Today, his simple tool, the Stimpmeter, is often misused to compare the speed of greens from course to course and unfortunately, to establish a benchmark of putting difficulty. Golfers are sometimes heard to say, "Hey, Hickory Hills was 'stimping' 13 last week." This essentially means that the greens were as fast as the linoleum on most kitchen floors.
From a purely competitive standpoint, that's OK. However, this quest for fast greens has serious consequences in terms of cost, environmental quality and the long-term health of the green. In short, speed can kill. Here's why:
A healthy, vigorous green can be maintained at a very short cutting height (as low as 1/8-inch) for short periods of time without serious consequences if it's been prepared properly and weather conditions are acceptable. Courses hosting tournaments often take months (and spend significant extra money) to bring greens up to an ultrafast speed for PGA Tour players. For example, the greens at Augusta National or Oakmont may "stimp" up to 14 when properly prepared and dry.
However, fast greens are extremely fragile. If you compared them with human beings, it would be fair to say that their immune systems can be very weak. They become susceptible to diseases and pests, and therefore may require more chemical treatments. Weather can also quickly destroy the health of an ultrafast green. High temperatures and lack of moisture in the air are deadly to greens that are maintained at very short cutting heights for any length of time.
The risks of maintaining fast greens -- even with the best professional management by superintendents -- were apparent in the summer of 1995 when golf courses across the eastern United States lost greens during an extended period of drought and high temperatures. Many of the world's best-known courses suffered serious damage and were essentially unplayable for the last half of the year. Many of these had to be reseeded or completely rebuilt at a cost that was high in terms of budget, playability and reputation.
The solution to the dilemma of fast greens is twofold. First, the golf industry is sponsoring and promoting research and development of new grasses that are more tolerant of fast speeds under adverse conditions. Organizations such as the USGA and GCSAA are investing millions of dollars in this effort.
On the other side, golfers should understand and accept the limitations of these living systems we call greens. Golfers should also heed the advice of superintendents who manage, nurture and protect these ecosystems. And finally, many golfers must change their attitudes about the competitive aspect of green speeds. They should, in the footsteps of Mr. Stimpson, strive for fairness, not fastness

Tuesday, June 25, 2013

Golf Terms

12 terms for golfer

Presented by the Golf Course Superintendents Association of America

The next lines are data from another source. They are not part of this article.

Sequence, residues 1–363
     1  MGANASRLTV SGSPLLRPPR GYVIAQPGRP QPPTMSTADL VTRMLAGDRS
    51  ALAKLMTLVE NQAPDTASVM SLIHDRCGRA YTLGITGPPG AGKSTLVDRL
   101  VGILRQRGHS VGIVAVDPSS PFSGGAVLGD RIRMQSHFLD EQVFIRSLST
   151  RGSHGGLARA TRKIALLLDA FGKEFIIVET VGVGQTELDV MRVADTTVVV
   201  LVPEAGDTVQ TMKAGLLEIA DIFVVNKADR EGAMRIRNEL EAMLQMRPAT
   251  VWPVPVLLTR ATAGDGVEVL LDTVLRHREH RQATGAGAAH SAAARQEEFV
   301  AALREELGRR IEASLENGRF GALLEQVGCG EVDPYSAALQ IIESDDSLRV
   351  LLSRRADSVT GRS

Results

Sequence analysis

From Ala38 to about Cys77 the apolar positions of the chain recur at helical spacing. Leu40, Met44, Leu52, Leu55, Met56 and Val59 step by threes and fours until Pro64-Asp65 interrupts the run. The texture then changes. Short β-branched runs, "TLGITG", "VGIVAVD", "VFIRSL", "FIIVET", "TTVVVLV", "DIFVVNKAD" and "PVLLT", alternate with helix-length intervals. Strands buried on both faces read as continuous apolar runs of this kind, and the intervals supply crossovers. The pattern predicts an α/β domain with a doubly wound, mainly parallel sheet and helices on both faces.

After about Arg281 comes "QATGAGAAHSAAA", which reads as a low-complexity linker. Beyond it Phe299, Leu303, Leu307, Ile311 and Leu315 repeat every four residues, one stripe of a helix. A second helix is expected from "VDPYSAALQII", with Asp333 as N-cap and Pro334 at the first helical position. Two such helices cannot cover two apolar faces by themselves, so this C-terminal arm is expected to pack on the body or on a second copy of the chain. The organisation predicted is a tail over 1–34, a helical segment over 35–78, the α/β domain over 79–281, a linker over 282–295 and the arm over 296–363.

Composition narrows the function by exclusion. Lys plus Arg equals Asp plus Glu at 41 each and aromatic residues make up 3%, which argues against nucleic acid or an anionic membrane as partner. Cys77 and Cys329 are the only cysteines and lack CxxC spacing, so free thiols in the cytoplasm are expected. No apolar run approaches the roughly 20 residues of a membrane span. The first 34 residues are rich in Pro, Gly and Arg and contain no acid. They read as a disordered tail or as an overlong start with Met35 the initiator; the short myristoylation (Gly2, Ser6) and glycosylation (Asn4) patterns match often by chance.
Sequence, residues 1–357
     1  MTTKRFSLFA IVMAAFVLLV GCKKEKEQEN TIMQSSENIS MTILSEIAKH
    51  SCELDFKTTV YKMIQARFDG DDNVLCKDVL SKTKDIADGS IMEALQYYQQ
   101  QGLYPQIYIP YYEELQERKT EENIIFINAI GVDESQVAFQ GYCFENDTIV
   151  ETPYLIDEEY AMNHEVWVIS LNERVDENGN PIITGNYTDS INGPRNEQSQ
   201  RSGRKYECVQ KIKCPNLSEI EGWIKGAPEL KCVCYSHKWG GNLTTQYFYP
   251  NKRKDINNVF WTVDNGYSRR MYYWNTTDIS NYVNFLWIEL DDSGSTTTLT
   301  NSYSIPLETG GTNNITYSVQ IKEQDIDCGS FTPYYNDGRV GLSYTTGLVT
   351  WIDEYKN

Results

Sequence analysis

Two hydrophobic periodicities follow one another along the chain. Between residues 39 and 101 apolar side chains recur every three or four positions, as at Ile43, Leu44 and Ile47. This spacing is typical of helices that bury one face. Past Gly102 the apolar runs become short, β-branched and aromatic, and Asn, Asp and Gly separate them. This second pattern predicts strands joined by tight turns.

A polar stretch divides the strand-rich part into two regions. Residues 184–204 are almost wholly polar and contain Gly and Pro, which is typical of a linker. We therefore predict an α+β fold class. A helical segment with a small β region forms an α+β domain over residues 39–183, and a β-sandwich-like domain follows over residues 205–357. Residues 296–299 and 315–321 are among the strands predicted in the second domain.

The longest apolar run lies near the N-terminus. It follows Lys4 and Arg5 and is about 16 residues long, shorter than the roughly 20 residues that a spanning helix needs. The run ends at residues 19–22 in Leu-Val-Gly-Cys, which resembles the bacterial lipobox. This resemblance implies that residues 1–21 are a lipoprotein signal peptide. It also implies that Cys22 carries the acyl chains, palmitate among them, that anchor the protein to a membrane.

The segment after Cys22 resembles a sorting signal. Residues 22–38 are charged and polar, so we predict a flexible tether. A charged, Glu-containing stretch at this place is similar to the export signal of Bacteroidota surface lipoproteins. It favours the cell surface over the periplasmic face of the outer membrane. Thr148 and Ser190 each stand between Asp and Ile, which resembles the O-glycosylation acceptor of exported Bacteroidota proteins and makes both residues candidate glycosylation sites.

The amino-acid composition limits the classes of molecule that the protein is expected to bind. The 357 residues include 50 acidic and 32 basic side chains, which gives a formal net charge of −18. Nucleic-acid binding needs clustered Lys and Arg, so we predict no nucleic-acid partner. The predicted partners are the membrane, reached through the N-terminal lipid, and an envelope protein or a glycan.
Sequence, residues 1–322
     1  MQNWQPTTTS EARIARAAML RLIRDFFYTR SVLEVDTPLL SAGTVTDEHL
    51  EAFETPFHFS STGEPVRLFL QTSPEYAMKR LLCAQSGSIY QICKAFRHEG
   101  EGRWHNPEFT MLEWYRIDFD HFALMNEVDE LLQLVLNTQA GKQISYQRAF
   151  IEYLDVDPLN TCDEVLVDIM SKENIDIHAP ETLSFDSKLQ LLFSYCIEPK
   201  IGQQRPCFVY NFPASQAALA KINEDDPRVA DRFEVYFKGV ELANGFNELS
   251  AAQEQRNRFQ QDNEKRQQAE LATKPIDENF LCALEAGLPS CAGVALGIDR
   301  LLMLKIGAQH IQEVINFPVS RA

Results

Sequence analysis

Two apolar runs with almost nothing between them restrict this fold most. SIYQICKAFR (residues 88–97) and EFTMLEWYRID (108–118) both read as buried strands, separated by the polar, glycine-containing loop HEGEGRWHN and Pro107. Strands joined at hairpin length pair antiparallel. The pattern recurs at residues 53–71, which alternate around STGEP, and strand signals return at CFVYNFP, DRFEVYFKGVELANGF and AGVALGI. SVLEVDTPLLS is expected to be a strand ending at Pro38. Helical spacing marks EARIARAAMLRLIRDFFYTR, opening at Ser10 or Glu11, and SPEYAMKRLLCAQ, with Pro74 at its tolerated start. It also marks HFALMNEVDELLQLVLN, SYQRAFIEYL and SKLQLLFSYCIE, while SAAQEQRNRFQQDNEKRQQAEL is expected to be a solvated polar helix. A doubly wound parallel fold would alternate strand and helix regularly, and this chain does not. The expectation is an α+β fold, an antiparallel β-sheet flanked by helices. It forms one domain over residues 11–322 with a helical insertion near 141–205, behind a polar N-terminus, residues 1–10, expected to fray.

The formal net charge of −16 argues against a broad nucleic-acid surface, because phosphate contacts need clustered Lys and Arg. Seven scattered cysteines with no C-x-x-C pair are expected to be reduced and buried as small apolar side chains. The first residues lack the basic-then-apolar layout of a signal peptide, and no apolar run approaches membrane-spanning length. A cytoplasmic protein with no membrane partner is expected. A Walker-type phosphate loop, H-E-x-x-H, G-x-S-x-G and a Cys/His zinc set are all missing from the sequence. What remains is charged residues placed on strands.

Although there is no standardized formula or single maintenance program for every golf course, there are some basic agronomy terms you can use to communicate with the golf course superintendent at your facility. In fact, if you're more aware of what your superintendent is doing to the course, you'll have a much better understanding of how it might affect the turf you're playing on -- and your round.
Here is a sample of turfgrass terms:
  1. Aeration: The working of a turf soil without destruction of the turf by coring, slitting, grooving, hole punching, forking, sliding, spiking or other means to reduce compaction and improve water and air movement through the soil.
  2. Blend: A combination of two or more cultivars of the same grass species.
  3. Cultivar: A variety, strain or race that has originated and persisted under cultivation or was specifically developed for the purpose of cultivation.
  4. Desiccation: Winter injury sustained on exposed turf areas when subject to high winds or loss of moisture from a plant because of hot, dry weather or chemicals.
  5. Foot printing:
    • Frost: Dead leaf tissue formed by walking on live, frosted turfgrass leaves.
    • Wilt: Temporary impressions caused by walking on grass plants that are unable to spring to upright position because leaves lack sufficient moisture.
  6. Hydroseeding: A high-pressure spray technique for applying seed, mulch and fertilizer in a water slurry over a seedbed.
  7. Leaching: The removal of materials dissolved in the soil solution caused by the movement of water down through the soil, past the root zone.
  8. Localized dry spot: A dry area of sod and soil that resists water infiltration.
  9. Matting: To work topdressing, fertilizers or other materials into a turfgrass area with drag mats, usually made of steel.
  10. Plugging: The vegetative propagation of turfgrass by means of turf plugs or small sod pieces.
  11. Scalping: The term for removing more of the green leaf surface than is good for the plant, leaving a stubbly brown turf.
  12. Syringing: Light sprinkling of water on turf usually done during the hottest part of the day to prevent wilting